New high performance computer to boost climate research
Levante a new, fourth high-performance computing system for Earth system research (HLRE-4) began operations Thursday (March 3, 2022) at the German Climate Computing Center (DKRZ) in Hamburg. The supercomputer, which similar to its predecessor "Mistral" is provided by Atos, will quadruple the computing power at DKRZ with 14 PetaFLOPS. Researchers will be able to perform more and longer simulations with particularly high-resolution global climate and Earth system models on the DKRZ system.
Computer improves risk assessment of climate change
"The new system is the basis of our services and thus for the risk assessment of climate change for society and ecology," said Prof. Thomas Ludwig, Director of DKRZ. Most German climate simulations that contribute to the IPCC reports are calculated at DKRZ. Simulations with high-resolution climate models could only be computed for very short periods of a few months hitherto. Longer simulation periods require significantly more computing time and storage volume which the DKRZ can now provide with Levante.
Boost for research in Hamburg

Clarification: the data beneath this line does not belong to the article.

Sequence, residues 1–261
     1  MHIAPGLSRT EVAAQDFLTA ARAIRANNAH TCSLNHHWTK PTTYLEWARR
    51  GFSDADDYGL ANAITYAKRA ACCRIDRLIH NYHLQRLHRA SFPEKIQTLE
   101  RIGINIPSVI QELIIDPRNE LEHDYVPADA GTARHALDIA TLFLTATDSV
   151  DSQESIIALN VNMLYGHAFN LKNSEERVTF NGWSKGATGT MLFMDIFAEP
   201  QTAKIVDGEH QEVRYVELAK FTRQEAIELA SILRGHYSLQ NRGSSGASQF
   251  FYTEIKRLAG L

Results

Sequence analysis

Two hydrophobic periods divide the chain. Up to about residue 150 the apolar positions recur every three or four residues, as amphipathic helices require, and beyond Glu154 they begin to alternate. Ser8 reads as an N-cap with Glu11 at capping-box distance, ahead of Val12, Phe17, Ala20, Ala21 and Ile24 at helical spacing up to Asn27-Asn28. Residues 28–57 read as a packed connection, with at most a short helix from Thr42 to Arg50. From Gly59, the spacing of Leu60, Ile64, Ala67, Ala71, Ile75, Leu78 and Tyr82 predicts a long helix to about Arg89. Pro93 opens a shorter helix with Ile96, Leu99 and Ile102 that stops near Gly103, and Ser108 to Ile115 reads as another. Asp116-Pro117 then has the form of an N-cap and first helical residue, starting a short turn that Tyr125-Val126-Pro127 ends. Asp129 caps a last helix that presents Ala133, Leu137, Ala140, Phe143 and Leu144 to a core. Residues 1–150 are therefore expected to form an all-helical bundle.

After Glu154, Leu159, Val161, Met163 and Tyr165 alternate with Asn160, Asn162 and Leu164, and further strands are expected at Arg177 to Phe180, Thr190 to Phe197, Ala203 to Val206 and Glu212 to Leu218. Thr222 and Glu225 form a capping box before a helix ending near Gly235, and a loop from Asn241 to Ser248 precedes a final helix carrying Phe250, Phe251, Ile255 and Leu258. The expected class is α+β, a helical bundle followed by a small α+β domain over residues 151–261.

"The new supercomputer at DKRZ means climate research of the future will be done in Hamburg," said Katharina Fegebank, Senator for Science, Research and Equality. Researchers at the University of Hamburg, the Max Planck Institute for Meteorology and the Helmholtz Center Hereon in Geesthacht will benefit from the additional computing power. The Helmholtz Association, the Max Planck Society and the City of Hamburg have put EUR 45 million towards Levante as part of the HLRE-4 project.
German Climate Computing Center (DKRZ)
DKRZ has given German climate research access to high-performance computer and data storage systems that are adapted to the workflows in climate modelling since 1987. DKRZ assists scientists with the optimization of climate models and the analysis, visualization and publication of climate data. DKRZ is situated on the University of Hamburg's campus and employs 100 people.